Thursday, June 23, 2016

Painting Stairs To Look Like Wood - part one

I started on a new project this week.  The job is to paint a set of stairs and the hand railings to look like wood in a new home.  There are 12 stair treads a landing and then 6 more treads, plus the handrails.

When the home was built the home owners had a really beautiful driftwood tile floor installed.  It's amazing how they can make tile look like real wood now. You really can't tell the difference.  Anyway the builder was suppose to make the stairs and railings look like driftwood too.  So the first two pictures are what happened.  The stairs ended up being painted a battleship gray.  Not even close to a driftwood look.




 The home owners where not pleased at all.  I was called in to consult and see if I could create a look that would be more what the homeowner wanted.  I did 4 sample boards, for homeowners, 2 where driftwood and 2 where an espresso wood look.  I made the sample boards the right size so we could lay them on top of the stair treads to get a great idea of what the stairs would like.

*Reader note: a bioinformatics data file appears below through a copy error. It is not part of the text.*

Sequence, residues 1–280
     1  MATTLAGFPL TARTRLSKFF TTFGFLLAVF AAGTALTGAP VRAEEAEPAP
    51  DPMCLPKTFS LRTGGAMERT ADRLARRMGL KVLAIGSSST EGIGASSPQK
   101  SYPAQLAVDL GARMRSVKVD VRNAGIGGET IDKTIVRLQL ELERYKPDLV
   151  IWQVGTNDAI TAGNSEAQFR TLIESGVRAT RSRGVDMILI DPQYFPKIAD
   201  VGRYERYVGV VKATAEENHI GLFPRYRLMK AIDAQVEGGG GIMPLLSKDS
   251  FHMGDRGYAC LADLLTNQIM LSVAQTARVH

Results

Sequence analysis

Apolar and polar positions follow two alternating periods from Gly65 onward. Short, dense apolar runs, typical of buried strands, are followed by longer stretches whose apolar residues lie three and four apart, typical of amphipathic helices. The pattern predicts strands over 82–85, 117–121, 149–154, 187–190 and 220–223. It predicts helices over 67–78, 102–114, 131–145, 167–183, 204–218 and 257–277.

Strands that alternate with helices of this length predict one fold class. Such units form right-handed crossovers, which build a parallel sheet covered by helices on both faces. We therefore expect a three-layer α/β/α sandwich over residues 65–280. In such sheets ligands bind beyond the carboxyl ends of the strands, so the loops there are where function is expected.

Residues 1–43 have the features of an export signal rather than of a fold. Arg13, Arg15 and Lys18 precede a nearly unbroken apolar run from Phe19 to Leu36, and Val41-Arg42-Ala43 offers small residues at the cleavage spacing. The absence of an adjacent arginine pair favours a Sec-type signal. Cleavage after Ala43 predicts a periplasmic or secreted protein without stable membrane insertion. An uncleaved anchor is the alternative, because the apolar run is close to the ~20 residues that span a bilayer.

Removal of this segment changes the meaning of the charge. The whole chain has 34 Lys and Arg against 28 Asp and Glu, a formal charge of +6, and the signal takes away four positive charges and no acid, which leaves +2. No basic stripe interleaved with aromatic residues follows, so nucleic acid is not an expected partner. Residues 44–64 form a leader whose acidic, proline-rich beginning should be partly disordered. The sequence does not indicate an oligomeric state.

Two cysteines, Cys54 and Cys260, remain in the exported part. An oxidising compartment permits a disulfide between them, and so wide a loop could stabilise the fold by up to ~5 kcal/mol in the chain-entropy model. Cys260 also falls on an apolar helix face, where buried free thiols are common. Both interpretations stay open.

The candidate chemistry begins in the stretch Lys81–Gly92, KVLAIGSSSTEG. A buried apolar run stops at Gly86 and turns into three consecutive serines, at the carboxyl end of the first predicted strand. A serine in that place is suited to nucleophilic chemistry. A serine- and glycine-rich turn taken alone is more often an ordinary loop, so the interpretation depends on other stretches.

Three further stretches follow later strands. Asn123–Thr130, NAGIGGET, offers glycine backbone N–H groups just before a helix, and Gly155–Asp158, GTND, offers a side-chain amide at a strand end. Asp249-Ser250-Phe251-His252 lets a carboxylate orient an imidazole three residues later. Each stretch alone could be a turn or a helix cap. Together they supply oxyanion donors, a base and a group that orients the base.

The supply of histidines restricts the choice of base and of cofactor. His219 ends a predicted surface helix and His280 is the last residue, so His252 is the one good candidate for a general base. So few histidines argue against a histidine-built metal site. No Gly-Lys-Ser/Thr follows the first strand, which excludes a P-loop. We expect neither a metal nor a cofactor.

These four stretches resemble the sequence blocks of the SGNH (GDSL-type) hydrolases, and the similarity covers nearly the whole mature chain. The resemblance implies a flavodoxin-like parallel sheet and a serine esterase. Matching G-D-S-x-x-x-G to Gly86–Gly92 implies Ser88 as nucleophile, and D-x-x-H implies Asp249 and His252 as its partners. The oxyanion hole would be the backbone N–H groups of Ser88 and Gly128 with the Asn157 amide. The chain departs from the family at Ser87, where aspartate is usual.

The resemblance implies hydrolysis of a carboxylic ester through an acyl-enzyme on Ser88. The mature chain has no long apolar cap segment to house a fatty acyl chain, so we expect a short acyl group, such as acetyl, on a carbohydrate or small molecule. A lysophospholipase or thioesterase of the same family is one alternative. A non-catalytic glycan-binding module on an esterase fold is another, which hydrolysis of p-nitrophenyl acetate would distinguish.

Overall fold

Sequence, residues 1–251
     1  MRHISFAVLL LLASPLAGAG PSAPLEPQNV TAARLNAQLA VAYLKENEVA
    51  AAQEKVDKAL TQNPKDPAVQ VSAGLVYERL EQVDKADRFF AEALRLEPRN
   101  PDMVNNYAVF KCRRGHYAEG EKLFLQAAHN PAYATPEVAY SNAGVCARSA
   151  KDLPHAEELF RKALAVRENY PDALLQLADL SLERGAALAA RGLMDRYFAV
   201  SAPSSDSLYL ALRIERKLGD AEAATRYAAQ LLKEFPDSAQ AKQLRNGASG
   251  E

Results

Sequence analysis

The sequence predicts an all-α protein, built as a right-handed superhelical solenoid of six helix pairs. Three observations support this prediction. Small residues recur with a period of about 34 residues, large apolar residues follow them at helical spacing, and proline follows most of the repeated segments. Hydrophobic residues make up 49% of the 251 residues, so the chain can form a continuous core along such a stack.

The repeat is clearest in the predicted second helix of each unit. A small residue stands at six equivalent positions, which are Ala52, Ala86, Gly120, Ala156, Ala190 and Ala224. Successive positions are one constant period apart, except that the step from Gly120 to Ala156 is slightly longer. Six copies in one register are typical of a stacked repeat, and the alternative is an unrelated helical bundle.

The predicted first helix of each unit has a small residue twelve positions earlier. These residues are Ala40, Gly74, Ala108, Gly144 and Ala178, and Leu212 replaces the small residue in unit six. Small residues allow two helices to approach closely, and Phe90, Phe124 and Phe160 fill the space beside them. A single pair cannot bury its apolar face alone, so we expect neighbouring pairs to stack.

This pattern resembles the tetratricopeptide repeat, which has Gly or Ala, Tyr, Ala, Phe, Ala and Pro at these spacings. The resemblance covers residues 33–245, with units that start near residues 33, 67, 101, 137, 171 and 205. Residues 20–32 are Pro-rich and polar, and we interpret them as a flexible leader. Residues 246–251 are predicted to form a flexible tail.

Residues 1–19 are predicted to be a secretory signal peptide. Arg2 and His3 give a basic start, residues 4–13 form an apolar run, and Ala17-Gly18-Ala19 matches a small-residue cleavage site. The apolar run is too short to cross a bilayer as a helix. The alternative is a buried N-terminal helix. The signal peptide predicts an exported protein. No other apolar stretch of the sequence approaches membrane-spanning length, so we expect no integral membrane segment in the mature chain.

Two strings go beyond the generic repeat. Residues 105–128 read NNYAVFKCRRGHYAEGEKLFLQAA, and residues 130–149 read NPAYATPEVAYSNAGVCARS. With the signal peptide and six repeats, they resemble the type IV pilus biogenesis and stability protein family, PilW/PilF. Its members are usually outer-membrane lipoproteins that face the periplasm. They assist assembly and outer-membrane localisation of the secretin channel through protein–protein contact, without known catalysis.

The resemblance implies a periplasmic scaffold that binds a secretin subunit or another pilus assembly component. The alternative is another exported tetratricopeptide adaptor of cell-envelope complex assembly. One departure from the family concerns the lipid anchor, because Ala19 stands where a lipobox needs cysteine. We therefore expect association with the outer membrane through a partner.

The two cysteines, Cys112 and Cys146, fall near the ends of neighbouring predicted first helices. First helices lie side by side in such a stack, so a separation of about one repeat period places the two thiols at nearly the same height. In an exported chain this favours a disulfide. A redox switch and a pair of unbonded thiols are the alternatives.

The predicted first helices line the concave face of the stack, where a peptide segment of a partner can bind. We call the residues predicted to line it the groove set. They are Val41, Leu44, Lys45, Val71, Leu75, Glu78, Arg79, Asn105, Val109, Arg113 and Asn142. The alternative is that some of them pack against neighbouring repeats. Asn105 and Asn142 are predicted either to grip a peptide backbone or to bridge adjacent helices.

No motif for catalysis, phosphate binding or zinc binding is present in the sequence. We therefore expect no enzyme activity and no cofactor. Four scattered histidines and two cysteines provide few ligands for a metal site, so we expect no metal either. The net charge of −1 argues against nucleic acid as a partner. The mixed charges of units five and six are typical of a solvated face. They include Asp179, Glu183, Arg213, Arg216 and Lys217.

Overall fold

Taking into consideration the rest of the decor in the room and existing flooring the espresso look was the obvious choice.  Painting them to look like the existing floor just seemed too much.

So as with all painting projects the first thing I do is clean the stairs really well. After all people are walking up and down them they are dirty. Then I scuff sanded them down and primed with a gray primer.  Taping off each stair tread and the balusters took a long time but it's was the only way to insure I didn't get the paint all over the white trim and the risers.


 I taped plastic bags behind the rails so I wouldn't get paint on the walls.  Once I had it all taped off I applied the base coat of paint, a dark brown.


 After the base coat dried (the next day) I could start to create the espresso wood grain look on the stair treads and railings.  The thing about working on the stairs is you can't walk up the stairs until the paint dries really well.  Even so, once I started I took off  my shoes and I am working in my socks. So you go up 12 steps to the landing and turn go up 6 more to the second floor.  I have the top 6 stair treads done and the railings.  I am going to apply 4 coats of a crystal clear floor finish on them.  The next picture is the top 6 treads with 2 coats of the clear over them. The treads are actually a little darker than the picture indicates.